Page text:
Education is free in Qatar. Students in government schools are provided books and transportation to and from schools. The 12-year public school system consists of a six-year primary cycle followed by a three-year secondary cycle and then a three-year tertiary cycle, taking students up through the secondary level by Western educational standards.
Education in Qatar has benefited greatly from oil revenues. The first schools in Qatar before the beginnings of the modern education system were religious in nature, Quranic schools where young boys learned to recite the Quran and acquired basic Arabic literacy skills. The first secular primary schools, for boys only, opened their doors in 1952 shortly after oil exports began, and further expansion and development in education soon followed, as the Ministry of Education was one of the first government ministries to be created in 1956. In the mid-1950s, girls schools were started, and programs in secondary education began. By the 1980s, the educational sector was fairly well developed thanks to the generous welfare provisions of the state. By that time there were programs beyond general academic courses. At the secondary level of education, students could choose from technical, vocational, commercial, and religious training tracks.
The College of Education commenced operations in 1973, forming the nucleus of what was to later become the University of Qatar in 1977. The university now offers a considerable range of courses in the humanities, social sciences, Islamic studies, science, engineering, and education. By the early 1980s, there were around 46,000 students enrolled in the 12-year system of public education, and the government made plans to increase the number of schools from about 160 in 1983 to 300 in 1990. The majority of the teachers in the 1980s were foreign. However, Qataris, mainly Qatari women, comprised almost half of the teachers in public schools.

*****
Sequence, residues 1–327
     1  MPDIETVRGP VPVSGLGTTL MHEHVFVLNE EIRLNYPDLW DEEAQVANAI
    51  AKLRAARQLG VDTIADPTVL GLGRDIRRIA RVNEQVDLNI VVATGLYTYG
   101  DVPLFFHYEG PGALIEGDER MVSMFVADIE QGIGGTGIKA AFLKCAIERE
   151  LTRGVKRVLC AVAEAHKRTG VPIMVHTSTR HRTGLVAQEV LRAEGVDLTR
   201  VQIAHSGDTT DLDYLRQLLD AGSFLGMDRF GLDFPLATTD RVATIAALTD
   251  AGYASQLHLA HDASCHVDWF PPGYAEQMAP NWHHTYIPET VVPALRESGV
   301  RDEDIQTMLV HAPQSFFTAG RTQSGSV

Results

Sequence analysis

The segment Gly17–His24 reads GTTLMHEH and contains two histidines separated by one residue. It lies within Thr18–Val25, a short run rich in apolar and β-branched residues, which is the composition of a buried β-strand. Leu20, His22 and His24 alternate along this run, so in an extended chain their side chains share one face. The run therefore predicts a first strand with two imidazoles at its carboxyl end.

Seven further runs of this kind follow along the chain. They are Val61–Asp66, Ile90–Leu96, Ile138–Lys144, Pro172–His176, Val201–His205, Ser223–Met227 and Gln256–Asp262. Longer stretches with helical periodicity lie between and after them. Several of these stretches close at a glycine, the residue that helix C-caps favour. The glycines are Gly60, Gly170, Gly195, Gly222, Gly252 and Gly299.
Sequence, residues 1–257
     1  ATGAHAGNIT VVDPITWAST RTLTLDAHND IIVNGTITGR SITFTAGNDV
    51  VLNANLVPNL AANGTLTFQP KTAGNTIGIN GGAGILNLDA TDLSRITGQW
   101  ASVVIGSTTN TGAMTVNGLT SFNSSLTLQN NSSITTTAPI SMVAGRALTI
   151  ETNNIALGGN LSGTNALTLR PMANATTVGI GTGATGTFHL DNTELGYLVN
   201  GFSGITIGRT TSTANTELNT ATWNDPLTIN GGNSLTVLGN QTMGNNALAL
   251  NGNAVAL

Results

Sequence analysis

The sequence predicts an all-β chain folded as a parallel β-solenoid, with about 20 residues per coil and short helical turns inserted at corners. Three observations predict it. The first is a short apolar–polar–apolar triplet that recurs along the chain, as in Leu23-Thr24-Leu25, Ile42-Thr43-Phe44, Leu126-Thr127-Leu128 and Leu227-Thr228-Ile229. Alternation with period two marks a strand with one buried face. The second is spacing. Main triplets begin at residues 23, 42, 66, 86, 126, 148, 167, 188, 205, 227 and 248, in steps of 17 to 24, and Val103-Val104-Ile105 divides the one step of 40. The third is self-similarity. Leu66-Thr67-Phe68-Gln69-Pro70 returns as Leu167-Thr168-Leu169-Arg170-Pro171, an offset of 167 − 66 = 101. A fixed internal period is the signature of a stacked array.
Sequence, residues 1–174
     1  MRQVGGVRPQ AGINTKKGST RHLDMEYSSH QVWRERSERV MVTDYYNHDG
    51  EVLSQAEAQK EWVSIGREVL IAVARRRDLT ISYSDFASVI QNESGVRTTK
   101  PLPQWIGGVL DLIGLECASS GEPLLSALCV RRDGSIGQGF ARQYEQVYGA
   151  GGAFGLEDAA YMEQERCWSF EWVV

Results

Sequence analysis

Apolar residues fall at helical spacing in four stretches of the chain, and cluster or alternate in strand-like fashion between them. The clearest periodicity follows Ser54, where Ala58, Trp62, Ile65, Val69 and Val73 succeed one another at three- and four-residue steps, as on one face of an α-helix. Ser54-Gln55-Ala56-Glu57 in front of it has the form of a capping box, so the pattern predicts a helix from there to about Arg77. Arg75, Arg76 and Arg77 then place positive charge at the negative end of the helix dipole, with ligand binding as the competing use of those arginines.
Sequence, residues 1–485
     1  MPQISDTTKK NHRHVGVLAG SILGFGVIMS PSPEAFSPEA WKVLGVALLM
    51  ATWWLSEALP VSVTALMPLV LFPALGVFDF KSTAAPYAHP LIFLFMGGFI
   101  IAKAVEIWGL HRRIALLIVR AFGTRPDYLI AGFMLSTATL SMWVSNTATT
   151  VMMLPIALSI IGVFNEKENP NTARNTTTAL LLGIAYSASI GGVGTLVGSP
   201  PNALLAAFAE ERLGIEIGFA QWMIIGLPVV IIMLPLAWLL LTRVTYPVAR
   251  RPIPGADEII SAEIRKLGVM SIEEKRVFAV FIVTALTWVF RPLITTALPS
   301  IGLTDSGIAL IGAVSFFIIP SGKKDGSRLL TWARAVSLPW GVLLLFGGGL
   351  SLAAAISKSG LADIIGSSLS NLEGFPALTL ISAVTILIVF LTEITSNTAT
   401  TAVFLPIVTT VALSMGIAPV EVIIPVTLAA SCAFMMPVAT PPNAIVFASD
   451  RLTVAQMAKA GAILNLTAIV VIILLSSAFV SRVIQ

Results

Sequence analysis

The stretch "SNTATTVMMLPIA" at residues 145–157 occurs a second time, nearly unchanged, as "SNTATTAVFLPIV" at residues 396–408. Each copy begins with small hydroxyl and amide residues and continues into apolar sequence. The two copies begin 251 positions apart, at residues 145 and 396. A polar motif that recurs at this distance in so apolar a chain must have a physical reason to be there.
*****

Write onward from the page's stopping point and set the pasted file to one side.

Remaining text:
At the onset of the new millennium there were many challenges to be met by the Qatari education system. The era of oil super affluence, although permitting rapid development and accelerated progress, has also meant that citizens have come to depend on the social services and welfare provisions of a benevolent state. When schooling is free in an educational system that provides everything from buildings to books, and when there are comfortable jobs to be had upon completion of studies, the expectation of many younger citizens is that they will be able to continue a lifestyle of ease as did their parents. But in an era of dwindling Qatari oil reserves and a larger population, such expectations are unrealistic. Settling into a well-paying job with little actual work involved is an option that many of the younger generation in Arab Gulf states may never realize (Sick 1997).
Such a socialization into the welfare state mentality partly explains the overwhelming reliance on expatriate labor in the Arab Gulf countries. With an estimated 83 percent of its workforce comprising foreign workers, Qatar is somewhat in the mid-range as compared to other Gulf states (Sick 1997). And such dependence on foreign labor highlights an ever-increasing dilemma for the Arab Gulf states such as Qatar, a dilemma of an increasing mismatch between schools and training institutions with the actual needs of the labor market (Al Sulayti 1999). In Gulf Cooperation Council (GCC) states, the vocational/technical professions are generally seen as being beneath a certain level of dignity and respectability. Gulf nationals would prefer an easy government job as opposed to a vocational/technical career. The low enrollments in vocational/technical programs are not enough to meet the national needs for skilled workers, and this low enrollment reflects the less than enthusiastic attitudes toward professions involving "manual" labor that are vocational/technical in nature. Outside the government sector, companies generally prefer to hire motivated foreign workers willing to work for low wages rather than relatively unmotivated, expectant nationals. There are urgent reforms needed in the educational and training systems if these issues of concern are to be dealt with.
Upgrading of the Qatari education and training systems is a main focus at the beginning of the twenty-first century, targeting the quality of education available, the Qatarization of the workforce, the high failure rate of students in government schools, and the correlation of training and educational curricula with actual labor market needs.
At the twenty-first graduation ceremony of the University of Qatar in 1998, the Emir of Qatar, Sheikh Hamad, addressed the graduating class with a vision for further progress. Acknowledging the advancements made, he cited the need for reviewing and updating the university programs and specialized courses of study, upgrading the standards and quality of education, and relating study and research to the needs of Qatari society.
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